Obama's Shaggy Dog Story About the Golden Gate Bridge

In President Barack Obama's fairly maligned "If you've got a business, you didn't build that" comments the other day, he also said this:

When we invested in the Hoover Dam or the Golden Gate Bridge, or the Internet, sending a man to the moon -- all those things benefited everybody. And so that's the vision that I want to carry forward.

To which the engineer W.J.J. Hoge replied:

The federal government did build Hoover Dam. However, the Golden Gate Bridge was funded by a $35 million dollar bond issue by the six counties in the Golden Gate Bridge District. It was a state-authorized project built by a partnership of local governments.

What's more, the conservative commentator Thomas Purcell asserted last November (Obama having been playing the Golden Gate card for a while now), "it was the 'One Percenters', as is the term coined of the rich and powerful these days, that built the Golden Gate, not government. More importantly, it was government that posed more obstacles for the building of the bridge than any other entity and if the Department of Defense had their way it never would have been built at all." More Purcell:

The Department of Defense (then called the Department of War) kicked and screamed saying that the bridge would be dangerous and block the channel from ships going in an out of the Presidio base.

Since the DOD owned the land on either side of the channel, there was no way to build it without Federal approval, and they refused to grant it.

After another year of wrangling, and some heavy support from the fledgling automotive industry lobbying (yes, they had lobbyists back then too), the DOD finally relents and allows construction of the bridge, but only sells the land back to the state commission and does not participate in its construction.

Construction did not go as smoothly as planned. It takes another FIVE years for the government and the architects to come to agreement on the design. Furthermore, Federal contractor unions wanted the contracts to build the bridge and stalled the government on the issue, demanding they take action to halt construction unless they got the contract. Fortunately, local authorities insisted that as part of the contract only local labor would be used instead of Federal union contracts, insuring the area had work during Depression era unemployment.

A second problem in 1929 when the US Stock Market collapsed made for more problems. The Golden Gate committee now has trouble issuing the bond needed for the construction of the bridge, even though the citizens of the surrounding area had put up their own personal lands and farms as collateral. It takes 3 more years and the wealthy President and founder of Bank of America, A.P. Giannini, to personally buy the 35 million dollar bond which he then finances through the bank. Without the bank and the intervention of private industry fueled by personal wealth, again the bridge would not have been built. By 1937 the bridge is completed—and [architect Joseph] Strauss delivers the bridge 1.7 million UNDER budget, using local non-union labor and private contractors.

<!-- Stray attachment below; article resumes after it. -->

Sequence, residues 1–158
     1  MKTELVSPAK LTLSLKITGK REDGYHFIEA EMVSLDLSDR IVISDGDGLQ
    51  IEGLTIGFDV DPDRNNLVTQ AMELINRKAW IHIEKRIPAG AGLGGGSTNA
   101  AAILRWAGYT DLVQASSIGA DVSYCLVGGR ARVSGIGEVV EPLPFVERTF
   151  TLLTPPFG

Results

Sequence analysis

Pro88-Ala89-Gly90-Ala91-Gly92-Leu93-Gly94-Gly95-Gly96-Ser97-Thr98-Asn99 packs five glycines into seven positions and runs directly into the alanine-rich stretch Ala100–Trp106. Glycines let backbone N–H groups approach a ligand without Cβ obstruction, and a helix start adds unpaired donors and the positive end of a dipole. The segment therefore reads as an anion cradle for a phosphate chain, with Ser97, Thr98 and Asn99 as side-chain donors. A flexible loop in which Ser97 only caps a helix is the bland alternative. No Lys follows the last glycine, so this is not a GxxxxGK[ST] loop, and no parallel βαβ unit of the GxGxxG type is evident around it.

My biggest problem with the Golden Gate metaphor isn't necessarily the federal vs. state/private distinction, it's that government spending at any level is being confused for the construction of gorgeous, useful bridges. That $35 million during the Depression is worth around $530 million today, or far less than 1 percent of Obama's stimulus package. So, where the hell are our new Golden Gates? What, exactly, has been the return on all this added "investment"?

Government, from the Grand Coulee Dam to the Capitol, has gotten exponentially more expensive while delivering a fraction of the results. Every dollar that governments spend on every level gets inflated by contracting rules, social engineering, environmental aspirations, and sops to public sector unions. That's the vision that Obama–like so many other politicians–is, through his deeds, carrying forward.

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  • Pro Libertate||

    Government is so mindboggling inefficient and so corrupt in its motives, yet people want it to do everything? WTF?

    We've had powerful governments for centuries, but a generally affluent and technologically advanced society is a recent thing. What's been different up until now? A super powerful government? Or maybe a freeish society?

  • ||

    Oh, bullshit, Pro Lib. The Dark Ages were caused by the libertarian barbarian hordes destroying the Roman federal government, and you know it.

  • Pro Libertate||

    Narrative: It's what's for dinner.

  • mlebauer||

    The Vandals and Huns were libertarian? The Romans had a federal system? Nice anachronisms!

  • John||

    Can't we just be honest and admit that Obama isn't very bright and pretty much illiterate when it comes to history?

  • tarran||

    No, that would be being charitable.

    The honest description of Obama is that he's a mendacious, inveterate liar who uses falsehood after falsehood to get people to stroke his massive ego.

  • John||

    I don't think he is lying. I think he honestly believes this shit.

  • ||

    He doesn't believe anything, John, except in his own power and glorification. Is he lying? Maybe. Maybe not. But that is irrelevant.

  • Pro Libertate||

    I think you're hitting on something important--he's indifferent to the truth. And he's obviously from the extra-reality-distorting wing of the party.

  • R C Dean||

    He's indifferent to the truth by design. He comes from the hard-left academic precincts that are polluted with "deconstructionism" and "critical legal thinking" and the like, where there is no truth, only power.

  • Pro Libertate||

    Also, truth is relative to your social viewpoint, with those in power having the clearest vision.

  • tarran||

    Oh I'll allow, some of his lies are ones that he believes to be true.

    But he's been caught in enough lies where we know he knew better that it's pretty clear Barrack Obama is a lying liar who has no doesn't hesitate at all when confronted with the impulse to lie.

  • lightning||

    You are right. The truly scary thing is that millions of Americans also believe this crap.

  • sarcasmic||

    The truly scary thing is that millions of Americans also believe this crap.